Grades awarded to undergraduate students at Brigham Young University over a 20-year period were analyzed to determine to what extent the mean GPA may have increased. Study variables included enrolled freshman mean ACT, enrolled freshman mean AP credits, faculty research productivity, student evaluations of teaching (SET), and a university policy change regarding course withdrawal dates and calculating students' mean GPA. Other study variables included the overall grading philosophy of the college or school (normative, mastery, or other) and the course level (upper division, lower division). The study employed a regression model with splines for the residual, or yearly trend. Upper division courses have higher mean GPA than lower division courses, and mean GPA in mastery-based grading colleges are higher than in normative-based grading colleges. Mean GPA in upper division courses are consistently higher than mean GPA of lower courses, regardless of college grouping, but the difference between the upper and lower division mean GPA scores of the normative-grading classification is significantly larger than the difference between upper and lower division mean GPA of the other two grading classifications. Faculty research productivity had no impact on mean GPA. SET scores are highly correlated with college grading philosophy and course level and did not further predict mean GPA. The university policy change had no statistically significant effect on most mean GPA, but there is a marginally significant negative local effect on mean GPA of the lower division normative courses, as well as a marginally significant positive effect on mean GPA of lower division mastery courses. Grade trends vary between colleges with differing grading philosophies. They also likely vary across departments within colleges and from course to course within departments. Trends also differ between course level. Except for the non-significant effect of the policy change, mean GPA trends across most categories at the university have leveled off for more than a decade and are likely to remain so. Study results indicate there is no reason for alarm and that no systemic, rampant pattern of grade inflation is evident.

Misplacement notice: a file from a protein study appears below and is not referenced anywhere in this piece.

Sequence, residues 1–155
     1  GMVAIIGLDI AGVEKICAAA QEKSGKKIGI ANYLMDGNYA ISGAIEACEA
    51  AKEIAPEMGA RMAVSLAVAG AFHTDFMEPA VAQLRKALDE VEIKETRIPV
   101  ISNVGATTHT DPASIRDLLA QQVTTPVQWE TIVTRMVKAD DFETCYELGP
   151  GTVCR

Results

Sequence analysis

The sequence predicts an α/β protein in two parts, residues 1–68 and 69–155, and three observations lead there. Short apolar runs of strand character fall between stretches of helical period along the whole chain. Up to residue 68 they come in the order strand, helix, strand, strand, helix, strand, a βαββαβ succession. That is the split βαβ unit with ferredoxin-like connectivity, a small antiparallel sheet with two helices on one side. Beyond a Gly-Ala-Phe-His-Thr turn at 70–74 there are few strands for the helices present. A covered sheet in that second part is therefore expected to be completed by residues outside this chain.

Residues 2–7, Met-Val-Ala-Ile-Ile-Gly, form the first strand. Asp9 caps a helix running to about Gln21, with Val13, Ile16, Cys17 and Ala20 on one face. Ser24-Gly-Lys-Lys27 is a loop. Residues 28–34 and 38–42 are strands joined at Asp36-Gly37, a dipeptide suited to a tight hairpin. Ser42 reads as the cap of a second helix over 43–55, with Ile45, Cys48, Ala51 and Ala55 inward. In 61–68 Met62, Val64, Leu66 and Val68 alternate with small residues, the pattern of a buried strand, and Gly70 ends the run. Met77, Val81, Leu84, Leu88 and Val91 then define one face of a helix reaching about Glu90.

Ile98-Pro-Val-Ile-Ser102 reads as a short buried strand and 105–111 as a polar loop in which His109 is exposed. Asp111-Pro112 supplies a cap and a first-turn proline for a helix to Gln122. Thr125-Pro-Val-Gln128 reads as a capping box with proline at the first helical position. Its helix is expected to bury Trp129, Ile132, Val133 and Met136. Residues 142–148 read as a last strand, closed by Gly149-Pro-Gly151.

College and Department

David O. McKay School of Education; Instructional Psychology and Technology



Date Submitted


Document Type





grade inflation, grade increase, trend analysis